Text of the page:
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    Cox affirms that Repo Chick is not a sequel but a stand-alone film. Referencing the director’s blog, McPheeters notes that Universal Studios, which owns the rights to Repo Man, may have unshelved a film initially titled The Repossession Mambo, retitled it Repo Men, and hurried it into post-production to pass it off as a true sequel and siphon returns from the buzz of Repo Chick’s release. At the time, Cox still had a contract with Universal, but nobody consulted him.

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  • Sapochnik, Miguel, dir. Repo Men. Universal City, CA: Universal Pictures, 2010.

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    Big-budget spinoff that revolves around consumer-capitalist exploitation and the repossession not of cars but of human organs. Called The Repossession Mambo during filming, Repo Men has been said to have virtually nothing in common with its near-namesake, being more in synch with Blade Runner (1981), Robocop (1987), and Brazil (1985). This is largely true, but there are similarities in characterization and the respective capitalist contexts that interpellates the protagonists; elements of surrealism creep into both diegeses, too.

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  • Stranahan, Lee. “Repo Men vs. Repo! The Genetic Opera: Behind the Controversy.” Huffington Post, 25 May 2011.

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    Despite being altogether unrelated projects, Repo Men (2010) and Repo! (2008) share common premises, and they employed similar marketing schemes that irked and confused audiences, namely the so-called Repo! Army, who accused Repo Men of chiseling from their sacred stone.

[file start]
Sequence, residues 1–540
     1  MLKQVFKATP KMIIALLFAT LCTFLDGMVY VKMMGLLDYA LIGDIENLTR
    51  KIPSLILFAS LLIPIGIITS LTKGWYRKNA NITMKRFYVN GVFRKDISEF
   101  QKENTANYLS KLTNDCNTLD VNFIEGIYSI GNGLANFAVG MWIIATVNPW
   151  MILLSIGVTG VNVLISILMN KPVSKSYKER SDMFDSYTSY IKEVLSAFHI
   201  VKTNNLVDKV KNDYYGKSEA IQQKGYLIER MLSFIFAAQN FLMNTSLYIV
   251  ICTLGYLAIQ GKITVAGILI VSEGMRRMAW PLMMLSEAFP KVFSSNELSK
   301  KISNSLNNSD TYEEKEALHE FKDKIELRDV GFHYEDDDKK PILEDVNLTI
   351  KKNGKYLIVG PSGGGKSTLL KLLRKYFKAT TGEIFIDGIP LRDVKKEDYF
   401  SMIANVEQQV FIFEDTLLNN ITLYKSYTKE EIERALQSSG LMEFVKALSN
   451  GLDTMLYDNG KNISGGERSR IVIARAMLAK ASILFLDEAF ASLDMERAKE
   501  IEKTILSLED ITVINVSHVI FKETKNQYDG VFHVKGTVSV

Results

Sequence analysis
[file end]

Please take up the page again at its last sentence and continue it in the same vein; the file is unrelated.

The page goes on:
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  • Walker Matthew C., dir. A Texas Tale of Treason. Dallas: Antstuie Productions, 2006.

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    Documentary about the rise and fall of the sequel to Repo Man, which was never completed, by an ambitious group of Texas punks.

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  • Woerner, Meredith. “Breaking Down Repo Men’s Influences: Monty Python, Robocop, Brazil and QVC.” io9, 18 March 2010.

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    Contrary to what the studio wanted, Repo Men was not a great success. This may have had something to do with its title, which inevitably connects it to the low-budget Repo Man and fails to distinguish it in and of itself. In this interview, the director, Miguel Sapochnik, itemizes cinema that influenced his “smorgasbord of absurdist futurism references.” Unsurprisingly, Repo Man is not mentioned.

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Genre and Cult Cinema

There are far more best-of books and popular encyclopedias on cult movies than intensive works of academic scholarship, although scholarship has been on the rise in recent years and shows no sign of slowing down. Cult cinema is almost as old as cinema itself. It is distinguished by multiple factors, most notably films that transgress normative formulae and breed enthusiastic followings outside of the mainstream; such films also tend to be made within the parameters of genre, often playing with and blurring together generic conventions, while manifesting a certain aesthetic and/or ethical “badness.” Part sci-fi/neo-western baloney and punk manifesto, part road movie and sociocultural satire—all with a marked air of playfulness and an underlying pop schizosophy—Repo Man certainly meets all of these criteria and has been referred to as a cult movie par excellence. The books listed here include some of the best contributions to scholarship on cult cinema that account for Repo Man or some aspect of Cox’s canon, most of which is cult-savvy in terms of content and execution, even if none of his films have achieved the cult stardom of his first. Mathijs and Mendik 2008, Harper and Mendik 2000, and Telotte 1991 are crucial scholarly collections on cult studies that investigate ample terrain. Grand 2012 is a noteworthy encyclopedic survey of film genre, and Mathijs and Sexton 2011 is perhaps the best comprehensive introduction to cult cinema in print.